JOHN LaMONTAINE: Oh, no! I want to talk about Jacqueline Kennedy [laughs].
FJO: [laughs] We’ll talk about her, too!
JL: Leontyne Price did the first performance of The Rose of Sharon in Washington. That started me off in Washington. A lot of people in Washington got interested in my work. Someone suggested to the Stern Foundation to ask me to write the piece that they wanted for the inaugural concert. They had just started doing an inaugural concert for the president. Someone called me from the Stern Foundation and asked if I’d accept the commission. I said of course, I’d like to do that. I worked very hard on it. Fortunately, they asked me two years ahead of time. I’m a pretty slow worker, and it took me a lot of time to figure out what I wanted to do. Anyway, I wrote a piece that I thought was fine. Howard Mitchell decided to open the concert with it. Anybody who remembers the day that Kennedy was inaugurated will recall that a snowstorm started in the morning. It was really heavy snow. People began to worry and they had reason to. By that night the traffic in town couldn’t move. People walked to the concert. I walked there. The conductor walked there. The first trumpet player walked there. It happened that the Kennedys came back to talk to the conductor because everybody was waiting for the concert to start. Well, the concert couldn’t start until the first trumpeter walked over the bridge, through the snow, carrying his trumpet. He was to play the first three bars of the piece that I wrote. So there was a time when the Kennedys, the conductor, and I were standing together and I presented Kennedy with the score that I had written. It was amazing to me because this was the night before he was president. He opened the score and went through it page by page. Somebody else’s work—the president, imagine! He said: “All those little notes, do you have a special tool to do that with?” I said, “Yes, Mr. President, a dip pen.” [laughs] And he laughed. Jackie took me aside, and the conductor talked with the president. I sat down with Jackie Kennedy. People who only saw her on TV didn’t know how beautiful she really was. Close up she was just incredibly beautiful and spoke quietly. She was dressed in a cream colored dress with simple earrings with green… I tell you, I noticed! And a necklace with sapphires and diamonds… That was all. Everything else was plain. She looked so beautiful. I think I was habitual with her. Where there’s a group she doesn’t look around to see whom else she would talk to, or ought to talk to. You were the person she was talking to. All the attention was on you. [sighs] What do you say that can be worth that? I opened the score—I still had it—and showed her the dedication. I said, I finished this piece in August and wrote the dedication to President Kennedy. The dedication was written in August. She said, oh my goodness, I was so pregnant, and I really thought we were going to lose. She said, I didn’t think we had a chance. I said, well, mine was a good guess. You thought you weren’t going to win and I thought you were! [laughs]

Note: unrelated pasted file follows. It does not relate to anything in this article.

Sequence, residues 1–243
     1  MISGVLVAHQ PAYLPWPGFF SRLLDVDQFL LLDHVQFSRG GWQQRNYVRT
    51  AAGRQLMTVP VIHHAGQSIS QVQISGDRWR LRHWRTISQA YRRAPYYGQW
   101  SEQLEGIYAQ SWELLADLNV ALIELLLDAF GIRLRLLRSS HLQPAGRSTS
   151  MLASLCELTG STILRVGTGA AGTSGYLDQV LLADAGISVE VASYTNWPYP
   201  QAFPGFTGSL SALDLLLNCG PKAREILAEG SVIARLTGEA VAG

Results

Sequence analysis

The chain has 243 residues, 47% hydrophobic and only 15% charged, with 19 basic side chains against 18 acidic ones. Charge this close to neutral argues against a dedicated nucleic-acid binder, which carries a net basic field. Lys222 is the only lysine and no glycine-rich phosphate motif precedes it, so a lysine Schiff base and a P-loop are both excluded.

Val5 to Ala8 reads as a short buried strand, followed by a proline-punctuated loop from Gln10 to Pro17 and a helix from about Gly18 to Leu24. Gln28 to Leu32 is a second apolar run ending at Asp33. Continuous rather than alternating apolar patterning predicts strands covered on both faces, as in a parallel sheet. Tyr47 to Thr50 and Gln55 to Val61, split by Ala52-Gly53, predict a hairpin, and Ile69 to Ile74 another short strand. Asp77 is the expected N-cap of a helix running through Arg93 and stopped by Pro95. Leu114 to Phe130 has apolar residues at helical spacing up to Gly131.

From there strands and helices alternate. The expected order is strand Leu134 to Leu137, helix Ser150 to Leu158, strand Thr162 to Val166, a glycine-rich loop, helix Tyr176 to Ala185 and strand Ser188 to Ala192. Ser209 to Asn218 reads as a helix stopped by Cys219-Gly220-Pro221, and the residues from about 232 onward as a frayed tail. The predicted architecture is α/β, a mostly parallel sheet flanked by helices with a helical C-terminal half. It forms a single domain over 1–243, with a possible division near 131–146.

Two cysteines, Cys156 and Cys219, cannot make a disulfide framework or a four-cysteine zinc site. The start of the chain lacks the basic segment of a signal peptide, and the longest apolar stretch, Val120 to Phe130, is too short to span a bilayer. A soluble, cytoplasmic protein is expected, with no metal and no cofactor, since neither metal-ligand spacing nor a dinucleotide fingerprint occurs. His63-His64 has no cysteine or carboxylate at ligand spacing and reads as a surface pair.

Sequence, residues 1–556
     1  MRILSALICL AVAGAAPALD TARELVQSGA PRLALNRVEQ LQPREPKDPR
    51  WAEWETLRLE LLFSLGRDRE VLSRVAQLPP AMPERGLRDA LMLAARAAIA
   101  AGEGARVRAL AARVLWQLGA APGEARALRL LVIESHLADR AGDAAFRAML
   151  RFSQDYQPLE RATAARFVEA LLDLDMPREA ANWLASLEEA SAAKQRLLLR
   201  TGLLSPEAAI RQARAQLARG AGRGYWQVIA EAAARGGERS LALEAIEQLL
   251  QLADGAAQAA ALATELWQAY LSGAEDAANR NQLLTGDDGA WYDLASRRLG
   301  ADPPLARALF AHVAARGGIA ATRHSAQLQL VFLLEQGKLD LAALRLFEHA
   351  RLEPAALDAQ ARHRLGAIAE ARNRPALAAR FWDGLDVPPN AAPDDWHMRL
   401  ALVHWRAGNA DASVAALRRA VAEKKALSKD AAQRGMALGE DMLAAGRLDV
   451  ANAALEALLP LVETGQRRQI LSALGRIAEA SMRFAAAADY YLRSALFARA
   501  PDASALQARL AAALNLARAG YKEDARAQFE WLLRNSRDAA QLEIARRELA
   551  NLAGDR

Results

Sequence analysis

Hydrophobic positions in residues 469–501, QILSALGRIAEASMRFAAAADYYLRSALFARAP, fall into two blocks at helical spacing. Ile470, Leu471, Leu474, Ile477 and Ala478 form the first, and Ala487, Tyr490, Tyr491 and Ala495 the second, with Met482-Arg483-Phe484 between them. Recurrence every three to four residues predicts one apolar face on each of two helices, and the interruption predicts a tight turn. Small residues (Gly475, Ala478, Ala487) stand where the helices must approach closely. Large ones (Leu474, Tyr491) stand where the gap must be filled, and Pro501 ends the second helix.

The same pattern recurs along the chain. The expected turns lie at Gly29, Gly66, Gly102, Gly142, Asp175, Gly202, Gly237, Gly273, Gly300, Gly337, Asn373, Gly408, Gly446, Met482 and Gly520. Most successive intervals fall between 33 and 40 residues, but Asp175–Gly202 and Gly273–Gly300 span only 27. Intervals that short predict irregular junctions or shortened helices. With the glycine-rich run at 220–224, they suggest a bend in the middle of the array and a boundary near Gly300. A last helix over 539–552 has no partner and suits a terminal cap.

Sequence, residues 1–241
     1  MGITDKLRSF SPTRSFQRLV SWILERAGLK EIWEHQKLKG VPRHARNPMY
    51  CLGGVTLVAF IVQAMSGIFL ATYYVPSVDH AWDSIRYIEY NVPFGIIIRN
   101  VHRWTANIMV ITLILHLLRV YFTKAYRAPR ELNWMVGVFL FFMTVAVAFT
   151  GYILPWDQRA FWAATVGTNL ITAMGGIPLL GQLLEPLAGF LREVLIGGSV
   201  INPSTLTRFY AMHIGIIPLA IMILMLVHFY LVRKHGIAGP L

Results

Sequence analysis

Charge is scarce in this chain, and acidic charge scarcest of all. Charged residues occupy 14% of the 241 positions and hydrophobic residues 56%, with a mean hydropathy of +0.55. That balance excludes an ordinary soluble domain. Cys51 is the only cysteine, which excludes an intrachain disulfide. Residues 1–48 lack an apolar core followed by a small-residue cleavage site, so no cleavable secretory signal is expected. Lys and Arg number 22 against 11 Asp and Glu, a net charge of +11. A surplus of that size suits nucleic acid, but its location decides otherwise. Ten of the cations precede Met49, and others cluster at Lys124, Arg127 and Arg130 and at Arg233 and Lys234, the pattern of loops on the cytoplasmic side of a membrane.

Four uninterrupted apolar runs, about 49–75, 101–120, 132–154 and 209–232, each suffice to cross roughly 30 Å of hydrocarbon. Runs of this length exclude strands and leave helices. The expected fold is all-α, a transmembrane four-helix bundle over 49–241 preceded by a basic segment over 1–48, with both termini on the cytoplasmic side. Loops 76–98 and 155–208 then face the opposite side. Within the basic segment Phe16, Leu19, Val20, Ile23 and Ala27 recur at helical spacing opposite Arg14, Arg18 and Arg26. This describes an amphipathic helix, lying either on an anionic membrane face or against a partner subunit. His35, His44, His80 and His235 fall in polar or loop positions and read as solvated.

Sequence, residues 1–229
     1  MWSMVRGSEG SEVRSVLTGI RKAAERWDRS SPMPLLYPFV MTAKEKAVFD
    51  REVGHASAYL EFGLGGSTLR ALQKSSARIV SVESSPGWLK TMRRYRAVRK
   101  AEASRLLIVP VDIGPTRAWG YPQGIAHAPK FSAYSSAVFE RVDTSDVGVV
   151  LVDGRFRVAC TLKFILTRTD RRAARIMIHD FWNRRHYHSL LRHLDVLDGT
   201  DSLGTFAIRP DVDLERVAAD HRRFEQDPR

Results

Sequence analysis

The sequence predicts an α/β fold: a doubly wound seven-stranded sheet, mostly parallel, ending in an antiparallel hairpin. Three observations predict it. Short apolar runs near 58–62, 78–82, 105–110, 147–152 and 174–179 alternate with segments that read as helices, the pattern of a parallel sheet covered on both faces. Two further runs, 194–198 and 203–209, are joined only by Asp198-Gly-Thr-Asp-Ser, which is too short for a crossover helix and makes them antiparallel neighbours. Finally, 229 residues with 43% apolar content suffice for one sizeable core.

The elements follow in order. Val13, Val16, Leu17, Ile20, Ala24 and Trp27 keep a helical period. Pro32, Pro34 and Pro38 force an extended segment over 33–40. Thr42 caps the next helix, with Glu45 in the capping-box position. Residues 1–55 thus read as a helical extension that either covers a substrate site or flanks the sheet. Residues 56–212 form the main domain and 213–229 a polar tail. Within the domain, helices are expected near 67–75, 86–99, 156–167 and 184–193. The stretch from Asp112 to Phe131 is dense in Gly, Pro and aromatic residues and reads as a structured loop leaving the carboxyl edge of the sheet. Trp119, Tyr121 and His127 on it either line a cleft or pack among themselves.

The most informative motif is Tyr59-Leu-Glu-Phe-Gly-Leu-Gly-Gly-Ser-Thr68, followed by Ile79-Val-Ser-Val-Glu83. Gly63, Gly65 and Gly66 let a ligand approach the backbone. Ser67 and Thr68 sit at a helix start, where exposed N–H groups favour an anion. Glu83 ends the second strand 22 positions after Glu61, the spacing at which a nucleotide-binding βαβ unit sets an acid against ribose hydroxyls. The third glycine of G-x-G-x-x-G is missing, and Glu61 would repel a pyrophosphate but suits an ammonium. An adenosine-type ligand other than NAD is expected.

FJO: So the terrible question is, you dedicated the score in August, what would have happened if Nixon won?
JL: I don’t know. The work might not have been played. [laughs]
JL: I wasn’t going to change it! Believe me.
JL: No sir.
FJO: You wouldn’t have rewritten the first page?
JL: No. Only once.
FJO: This is interesting because you later did a piece for the bicentennial, Be Glad Then America, which was commissioned for the bicentennial. It’s an opera about an hour long, in that sense of opera, which I want to get to with you soon. I find the Kennedy inaugural piece and the bicentennial piece both very interesting in that they are official American works. In our culture today you don’t have the White House commissioning composers.
JL: Well, the White House didn’t commission that piece. It was the Stern Foundation.
FJO: But it was part of the event.
JL: Yes, that’s exactly true.
FJO: It seems an important way of honoring an important occasion in history.
JL: That’s true.
FJO: And we’ve lost that, somehow, in our society today.
JL: I’m not sure that it wasn’t lost already then. It took me a lot of time to say this has to be for that. I’ve always thought that our National Anthem should be “America the Beautiful.” It’s not a war-like thing, and it has beautiful words. I think the tune is good, too. It’s a very excellent tune. That tune is buried throughout my piece. It’s a little sneaky. After all, I am sneaky. It’s not blatant, but the whole thing does come in the grandest moment of the piece. When I was with Jackie Kennedy she said, what is your piece like? I said, “I can tell you one thing, it’s not bombastic.” She clapped her hands and said, “Oh, then I’ll like it!” [laughs]